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Friday, October 11 • 9:45am - 10:10am
Povilonis & Guy: Deconstructing ‘standard’ in a minority language: Variation in Chanka Quechua

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Deconstructing ‘standard’ in a minority language: Variation in Chanka Quechua

​Formal public spheres in Peru require the majority language (Spanish). This essentially renders all registers of Quechua nonstandard. Quechua communities thus lack prescriptive norms from the widely accepted standards that guide stylistic variation in majority languages. In fact, the lack of a universally familiar Quechua standard means that variation ideologies are often independent of it. This paper compares uvular deletion rates in two Chanka Quechua styles across four urban and rural communities. Casual sociolinguistic interviews and formal audiovisual repetition tasks were recorded with 64 speakers. Casually, urbanites exhibit fewer uvulars than rural dwellers. Consciously, both groups have high rates of uvulars: rirqanki ‘I went’ over riranki (for example). While Quechua-literate urban speakers value uvular-full “pure” Chanka, from Ministry of Education orthography, rural dwellers’ authenticity—essentially non-conscious orthographical adherence—does not afford them higher status. Compared to majority languages, education has reverse effects: idealized, pure Chanka is associated with socially-subordinate speakers.

Session abstract: What’s so standard about standards?
 
Standard language ideology (SLI) is a topic ripe for new cross-cultural comparisons, as notions of standard and prestige have been central to sociolinguistic theorizing (Meyerhoff 2019). Cheshire observes that ‘variationists have worked almost exclusively on languages that have been heavily standardized, so the potential influence of [SLI] on the selection of variables […] has been high’ (2005:87). Further, historically atypical standardized national languages of urban elites in modern stratified societies have entrenched hierarchical views of variation, that are grounded in a functional model and asymmetric power relations (e.g. Rickford 1986). These biases should be addressed if we are to build sociolinguistic universals (Guy & Adli 2019). This session continues the discussion by examining underrepresented communities where SLI is realized in different ways, or not at all. Six original research papers will explore this topic around the world, and a discussant presentation will contextualize the panel’s observations.​​​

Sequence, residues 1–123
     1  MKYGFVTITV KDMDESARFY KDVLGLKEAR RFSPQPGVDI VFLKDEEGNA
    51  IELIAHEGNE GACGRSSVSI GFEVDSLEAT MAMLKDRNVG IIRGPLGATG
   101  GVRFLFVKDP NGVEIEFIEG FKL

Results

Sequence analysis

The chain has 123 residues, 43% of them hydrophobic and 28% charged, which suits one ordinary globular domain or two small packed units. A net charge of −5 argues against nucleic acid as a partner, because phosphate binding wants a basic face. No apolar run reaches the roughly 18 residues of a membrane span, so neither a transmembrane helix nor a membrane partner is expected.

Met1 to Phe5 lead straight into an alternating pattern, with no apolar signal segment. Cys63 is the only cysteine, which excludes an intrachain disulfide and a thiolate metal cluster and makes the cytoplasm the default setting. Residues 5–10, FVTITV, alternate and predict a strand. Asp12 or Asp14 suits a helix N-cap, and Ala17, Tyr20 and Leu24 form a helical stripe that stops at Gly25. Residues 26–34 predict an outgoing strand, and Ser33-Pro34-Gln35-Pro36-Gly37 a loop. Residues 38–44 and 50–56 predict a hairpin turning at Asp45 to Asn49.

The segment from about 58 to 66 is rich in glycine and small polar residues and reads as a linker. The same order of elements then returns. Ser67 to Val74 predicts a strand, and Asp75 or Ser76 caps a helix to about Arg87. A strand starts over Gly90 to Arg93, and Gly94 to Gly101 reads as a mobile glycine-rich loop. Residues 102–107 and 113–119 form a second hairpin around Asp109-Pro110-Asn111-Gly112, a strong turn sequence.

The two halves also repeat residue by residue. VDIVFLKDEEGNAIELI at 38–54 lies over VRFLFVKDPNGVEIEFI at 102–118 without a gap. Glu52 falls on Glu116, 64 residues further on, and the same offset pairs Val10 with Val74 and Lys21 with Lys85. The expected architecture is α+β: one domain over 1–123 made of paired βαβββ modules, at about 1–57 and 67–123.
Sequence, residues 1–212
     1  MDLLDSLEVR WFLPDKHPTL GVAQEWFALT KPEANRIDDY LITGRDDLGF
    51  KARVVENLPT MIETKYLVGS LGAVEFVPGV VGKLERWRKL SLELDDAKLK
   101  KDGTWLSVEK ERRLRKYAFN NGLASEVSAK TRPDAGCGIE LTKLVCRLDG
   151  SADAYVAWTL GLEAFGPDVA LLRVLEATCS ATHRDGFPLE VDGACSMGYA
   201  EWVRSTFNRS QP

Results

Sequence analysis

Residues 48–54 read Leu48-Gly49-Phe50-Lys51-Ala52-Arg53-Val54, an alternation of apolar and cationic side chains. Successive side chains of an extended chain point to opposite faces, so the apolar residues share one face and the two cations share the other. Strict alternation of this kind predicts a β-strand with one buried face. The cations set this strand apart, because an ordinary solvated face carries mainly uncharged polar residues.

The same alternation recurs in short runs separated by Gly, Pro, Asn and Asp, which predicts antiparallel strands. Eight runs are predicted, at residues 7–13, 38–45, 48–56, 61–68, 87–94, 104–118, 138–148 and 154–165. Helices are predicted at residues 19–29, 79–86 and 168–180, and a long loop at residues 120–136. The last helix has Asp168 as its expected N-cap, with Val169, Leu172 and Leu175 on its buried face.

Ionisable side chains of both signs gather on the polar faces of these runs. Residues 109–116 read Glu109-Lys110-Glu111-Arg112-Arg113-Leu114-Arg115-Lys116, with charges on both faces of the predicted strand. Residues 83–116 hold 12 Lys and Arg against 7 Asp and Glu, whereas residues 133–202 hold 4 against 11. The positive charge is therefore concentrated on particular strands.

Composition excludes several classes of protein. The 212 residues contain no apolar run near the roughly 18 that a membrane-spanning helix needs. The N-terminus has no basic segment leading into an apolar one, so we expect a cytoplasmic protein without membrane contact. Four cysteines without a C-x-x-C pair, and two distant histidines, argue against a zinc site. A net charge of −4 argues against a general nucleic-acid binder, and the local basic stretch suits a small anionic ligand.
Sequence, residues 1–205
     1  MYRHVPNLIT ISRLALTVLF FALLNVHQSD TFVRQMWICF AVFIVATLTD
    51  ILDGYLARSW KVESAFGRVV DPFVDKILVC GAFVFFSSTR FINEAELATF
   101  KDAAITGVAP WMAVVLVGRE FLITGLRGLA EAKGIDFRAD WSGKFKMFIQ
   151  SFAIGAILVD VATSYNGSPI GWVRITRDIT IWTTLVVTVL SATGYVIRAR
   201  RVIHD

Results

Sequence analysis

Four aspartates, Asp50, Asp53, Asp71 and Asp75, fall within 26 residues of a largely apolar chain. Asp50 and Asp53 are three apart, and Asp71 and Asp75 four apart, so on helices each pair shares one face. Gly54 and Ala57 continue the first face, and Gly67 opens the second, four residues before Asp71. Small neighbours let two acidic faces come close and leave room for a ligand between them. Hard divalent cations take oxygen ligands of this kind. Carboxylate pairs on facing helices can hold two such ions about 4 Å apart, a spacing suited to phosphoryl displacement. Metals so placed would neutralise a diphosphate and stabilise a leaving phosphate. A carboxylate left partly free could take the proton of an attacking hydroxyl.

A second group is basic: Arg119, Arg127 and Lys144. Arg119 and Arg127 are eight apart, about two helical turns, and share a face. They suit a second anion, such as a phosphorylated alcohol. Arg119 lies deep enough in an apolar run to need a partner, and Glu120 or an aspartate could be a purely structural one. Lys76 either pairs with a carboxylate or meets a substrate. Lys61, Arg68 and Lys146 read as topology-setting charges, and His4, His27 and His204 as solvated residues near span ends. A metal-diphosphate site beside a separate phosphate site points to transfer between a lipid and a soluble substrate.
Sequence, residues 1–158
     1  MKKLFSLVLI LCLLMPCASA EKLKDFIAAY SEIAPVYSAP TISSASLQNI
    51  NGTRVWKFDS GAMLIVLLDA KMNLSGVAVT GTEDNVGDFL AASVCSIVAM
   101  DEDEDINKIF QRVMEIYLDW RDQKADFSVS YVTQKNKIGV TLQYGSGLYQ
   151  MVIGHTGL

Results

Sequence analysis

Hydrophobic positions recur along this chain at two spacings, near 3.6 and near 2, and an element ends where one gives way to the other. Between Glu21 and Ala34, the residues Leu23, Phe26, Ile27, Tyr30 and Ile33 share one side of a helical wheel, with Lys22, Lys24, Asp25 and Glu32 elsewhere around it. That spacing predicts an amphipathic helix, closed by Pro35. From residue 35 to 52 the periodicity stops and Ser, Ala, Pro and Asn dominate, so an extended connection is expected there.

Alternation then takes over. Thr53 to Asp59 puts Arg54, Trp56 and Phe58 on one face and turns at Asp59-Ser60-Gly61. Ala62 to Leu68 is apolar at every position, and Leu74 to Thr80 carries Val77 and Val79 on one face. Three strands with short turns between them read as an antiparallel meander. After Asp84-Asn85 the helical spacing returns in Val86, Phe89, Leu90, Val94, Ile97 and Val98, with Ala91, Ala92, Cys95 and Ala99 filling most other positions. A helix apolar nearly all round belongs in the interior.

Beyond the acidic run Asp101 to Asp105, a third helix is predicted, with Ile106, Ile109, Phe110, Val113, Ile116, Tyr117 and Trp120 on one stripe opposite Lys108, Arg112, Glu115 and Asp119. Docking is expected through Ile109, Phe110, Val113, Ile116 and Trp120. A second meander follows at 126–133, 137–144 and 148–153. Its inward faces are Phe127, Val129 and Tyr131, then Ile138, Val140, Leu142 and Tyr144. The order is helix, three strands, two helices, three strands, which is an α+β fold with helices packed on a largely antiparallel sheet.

Speakers
NP

Natalie Povilonis

New York University
GG

Gregory Guy

New York University


Friday October 11, 2019 9:45am - 10:10am
EMU Gumwood


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